Vienna also was huge. Just like Prague actually. This is the stupid thing in Europe : as soon as we are in a big city, there’s too much to see.
Wednesday, the 24th of July
Hundertwasser was a very famous architect from Vienna. He was a lot into breaking industrial standards, reintroducing Manking into nature, color, creativity.
His walls, ceilings or floors are often not regular. He said that humans had rights to live on irregular floors, that a flat floor was another obstacle to the feeling of being alive and in your environnment rather than in a lifeless space.
Entrance hall to the museum, with uneven floor.
He created the “window right” : a person living in an apartment has the right to decorate their windows' outer sides, within their arm reach. The same, “tenant trees” are important to him.
Tenant trees. On the right, a model for a full-scale village lot.
Some streets ahead, one can see Hundertwasser village and Hundertwasserhaus (actually a dwelling block). Sadly, inhabitants don’t let tourists visit the house, let alone a single flat.
Hundertwasser village and house. The full photo album is available here.
Natural History Museum
For the rest of the morning, I was at the natural history museum. It has a planetarium, minerals (huge salt crystals and gems), various skeletons of animals, dinosaurs, proto-humans, prehistorical tools up to Middle-Age. One cannot see everything.
The Museum of natural history
From left to right : dinosaurs' skelletons. A wooly mamouth. Then hungarian medieval bow with clothing.
The Hofburg is the huge palatial complex, residence to the Emperor in Vienna’s city center. Today it houses the Presidency of the Republic, the National Library, the Austrian crown’s jewels. The Austrian parliament also has temporary premises for the duration of the restoration of their main building.
Left: an equestrian statue of one of the emperors of Austria, in the courtyard of the Hofburg. In the center: statue in Cesar, in the inner courtyard. Right: ornate door.
As mentioned above, I was able to visit the parliament premises in the Hofburg. It must be seen that their main building is being renovated. and the guide did not really specify how the premises are used outside this period of work. Part of the current Hofburg building has burned recently and during the restoration, this room was built in a modern style, included in the building classical style.
What is interesting to mention, is that, according to the guide, each school student in Austria have to, at age 15, visit parliament. It is a good way to interest future citizens to public matters, as Res Publica.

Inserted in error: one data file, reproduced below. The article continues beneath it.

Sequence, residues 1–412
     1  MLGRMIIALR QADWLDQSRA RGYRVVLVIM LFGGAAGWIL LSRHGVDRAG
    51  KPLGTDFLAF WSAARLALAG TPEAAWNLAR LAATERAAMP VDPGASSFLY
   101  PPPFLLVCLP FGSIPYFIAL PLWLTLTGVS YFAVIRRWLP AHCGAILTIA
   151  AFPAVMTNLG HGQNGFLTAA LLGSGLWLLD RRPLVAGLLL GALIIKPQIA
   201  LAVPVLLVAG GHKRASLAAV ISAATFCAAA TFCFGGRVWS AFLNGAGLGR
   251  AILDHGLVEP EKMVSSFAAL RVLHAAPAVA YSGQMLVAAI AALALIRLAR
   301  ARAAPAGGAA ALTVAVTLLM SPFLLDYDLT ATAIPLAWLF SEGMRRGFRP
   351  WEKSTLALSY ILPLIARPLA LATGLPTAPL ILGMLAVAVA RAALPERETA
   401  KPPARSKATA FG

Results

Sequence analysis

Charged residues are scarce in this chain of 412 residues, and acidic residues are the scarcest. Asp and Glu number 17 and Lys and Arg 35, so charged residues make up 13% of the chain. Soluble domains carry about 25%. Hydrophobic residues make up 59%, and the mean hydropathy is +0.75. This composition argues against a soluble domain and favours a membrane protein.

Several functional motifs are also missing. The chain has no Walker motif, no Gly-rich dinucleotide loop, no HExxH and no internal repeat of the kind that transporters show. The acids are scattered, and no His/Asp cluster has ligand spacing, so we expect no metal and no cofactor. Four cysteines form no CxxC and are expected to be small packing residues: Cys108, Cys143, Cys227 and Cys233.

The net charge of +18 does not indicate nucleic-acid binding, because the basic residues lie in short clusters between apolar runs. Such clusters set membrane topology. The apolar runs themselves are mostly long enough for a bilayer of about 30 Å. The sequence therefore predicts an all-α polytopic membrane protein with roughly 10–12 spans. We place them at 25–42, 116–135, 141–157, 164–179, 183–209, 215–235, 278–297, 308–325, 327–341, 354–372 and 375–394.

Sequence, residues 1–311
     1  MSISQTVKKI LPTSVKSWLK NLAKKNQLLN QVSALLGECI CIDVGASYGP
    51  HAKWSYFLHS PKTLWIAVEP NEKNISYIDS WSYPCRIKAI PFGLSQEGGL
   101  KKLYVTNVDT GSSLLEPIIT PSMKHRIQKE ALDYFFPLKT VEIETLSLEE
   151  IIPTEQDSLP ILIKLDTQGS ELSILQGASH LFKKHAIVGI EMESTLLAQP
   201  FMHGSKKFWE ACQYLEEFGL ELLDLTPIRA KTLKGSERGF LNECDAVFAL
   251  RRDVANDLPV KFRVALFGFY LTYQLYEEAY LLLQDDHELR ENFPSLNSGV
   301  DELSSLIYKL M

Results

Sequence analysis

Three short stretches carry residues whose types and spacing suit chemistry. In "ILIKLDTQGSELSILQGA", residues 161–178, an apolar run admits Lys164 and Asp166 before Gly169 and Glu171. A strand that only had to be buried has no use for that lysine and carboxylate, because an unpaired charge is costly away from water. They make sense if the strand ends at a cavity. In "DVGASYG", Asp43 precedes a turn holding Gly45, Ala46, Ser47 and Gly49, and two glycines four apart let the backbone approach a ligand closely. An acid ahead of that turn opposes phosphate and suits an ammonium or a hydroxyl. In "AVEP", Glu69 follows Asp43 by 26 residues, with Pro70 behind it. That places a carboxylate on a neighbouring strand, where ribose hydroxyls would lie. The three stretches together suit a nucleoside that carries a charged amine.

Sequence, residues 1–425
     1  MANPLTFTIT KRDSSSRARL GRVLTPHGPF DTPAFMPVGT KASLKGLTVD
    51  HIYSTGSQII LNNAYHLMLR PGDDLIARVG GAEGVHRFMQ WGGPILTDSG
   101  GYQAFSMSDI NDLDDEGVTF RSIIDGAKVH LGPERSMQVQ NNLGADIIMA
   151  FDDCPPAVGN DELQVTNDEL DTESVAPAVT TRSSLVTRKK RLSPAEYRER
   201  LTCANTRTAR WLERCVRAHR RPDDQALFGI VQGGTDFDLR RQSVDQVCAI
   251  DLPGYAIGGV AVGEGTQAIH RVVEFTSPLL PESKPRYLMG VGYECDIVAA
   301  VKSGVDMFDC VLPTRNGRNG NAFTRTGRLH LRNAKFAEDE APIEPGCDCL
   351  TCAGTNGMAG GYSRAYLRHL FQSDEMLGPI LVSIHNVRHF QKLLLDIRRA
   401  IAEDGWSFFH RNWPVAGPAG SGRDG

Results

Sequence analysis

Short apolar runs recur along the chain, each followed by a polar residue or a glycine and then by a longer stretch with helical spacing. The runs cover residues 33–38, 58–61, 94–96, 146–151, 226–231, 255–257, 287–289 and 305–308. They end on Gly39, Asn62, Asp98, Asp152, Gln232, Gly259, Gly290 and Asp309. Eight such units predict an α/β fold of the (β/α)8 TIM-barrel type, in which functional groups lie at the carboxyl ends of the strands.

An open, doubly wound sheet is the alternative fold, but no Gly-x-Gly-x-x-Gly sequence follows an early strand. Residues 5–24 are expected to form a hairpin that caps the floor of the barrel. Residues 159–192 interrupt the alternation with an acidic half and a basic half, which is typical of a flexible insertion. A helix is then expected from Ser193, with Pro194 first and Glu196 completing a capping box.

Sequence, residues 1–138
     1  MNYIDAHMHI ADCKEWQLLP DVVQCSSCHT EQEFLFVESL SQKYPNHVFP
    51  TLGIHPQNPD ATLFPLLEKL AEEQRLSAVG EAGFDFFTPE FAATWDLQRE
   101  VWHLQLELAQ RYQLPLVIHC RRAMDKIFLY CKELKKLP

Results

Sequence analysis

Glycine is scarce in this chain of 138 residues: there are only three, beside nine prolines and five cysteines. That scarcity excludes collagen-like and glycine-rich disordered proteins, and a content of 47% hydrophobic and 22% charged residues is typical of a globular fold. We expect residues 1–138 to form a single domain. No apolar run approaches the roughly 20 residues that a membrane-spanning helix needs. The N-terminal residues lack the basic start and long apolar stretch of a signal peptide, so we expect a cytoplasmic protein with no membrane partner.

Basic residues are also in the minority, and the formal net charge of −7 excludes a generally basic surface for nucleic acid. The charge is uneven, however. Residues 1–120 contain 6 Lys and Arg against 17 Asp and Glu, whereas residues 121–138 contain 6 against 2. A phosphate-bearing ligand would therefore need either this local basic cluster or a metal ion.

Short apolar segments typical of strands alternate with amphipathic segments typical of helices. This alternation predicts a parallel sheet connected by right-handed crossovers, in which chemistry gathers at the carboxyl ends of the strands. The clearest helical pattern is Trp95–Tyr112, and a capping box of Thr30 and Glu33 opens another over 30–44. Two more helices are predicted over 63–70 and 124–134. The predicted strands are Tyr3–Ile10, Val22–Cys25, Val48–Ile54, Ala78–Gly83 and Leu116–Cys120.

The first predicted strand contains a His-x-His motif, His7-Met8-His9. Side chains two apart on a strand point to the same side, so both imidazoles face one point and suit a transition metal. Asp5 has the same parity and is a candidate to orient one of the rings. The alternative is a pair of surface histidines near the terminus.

Some views of the parliament session room.
Views of the State Hall of Austrian National Library.
Thursday, the 25th of July
Schönbrunn, the Austrian Versailles.
I visited Schönbrunn like I visited Versailles : in shorts, sun glasses and under the warmest sun around.
It goes way deeper : the entrance yard, with the central building, looks like the central yard of Louis XIV’s palace. The same, the gardens, designed the french way by a disciple of Le Nôtre, Jean Trehet. The Gloriette looks like the Trianon to me.
The palace entrance yard.
Model of the palace.
The perspective towards the Gloriette, at the top of the hill.
Exhibitions in the palace and its outbuildings make it easy to understand the life of the imperial family of Austria, and the fact that, under the gold and pump of power, was totally out of their control. Thus Empress Sissi (Elisabeth of her real name), is described as a person loving her husband passionately, but who hates the rigid framework of the court. Marriages of convenience, decided by political calculation, like court intrigues, leave little room for real privacy without mask or pretense.
One of the imperial carriages, used for special occasions.
The parc has also playgrounds, like labyrinths.
Right next to the park is a zoo. Apparently the first in the West (Wikipedia speaks of the first zoo in the world, but I remember having read that the Chinese emperors already had very beautiful private zoos well before that.)
From left to right and from top to bottom: a small frog in his vivarium, a collared brown bear, the model of a whale tail, and a lemur.
Vienna Technical Museum
After so many palaces, museums, castles in Prague and Vienna, I wanted to see some technical stuff. The engineer is also cultivated, not just the man.
The Vienna Technical Museum is right next to Schönbrunn Palace. It includes a gallery with experiences, perfect for children: you can touch, activate machines, see physical phenomena in real time.
The museum has several parts :
- about power : what are the various forms of power, where do we get it from, how do we store and transport it.
- about means of transportation : trains, tramway, boats, helicopters.
- about construction, especially Vienna’s evolution in modern age with laborers dwellings and standardisation.
- about heavy machinery.
Just like before, you can see the full photo album here.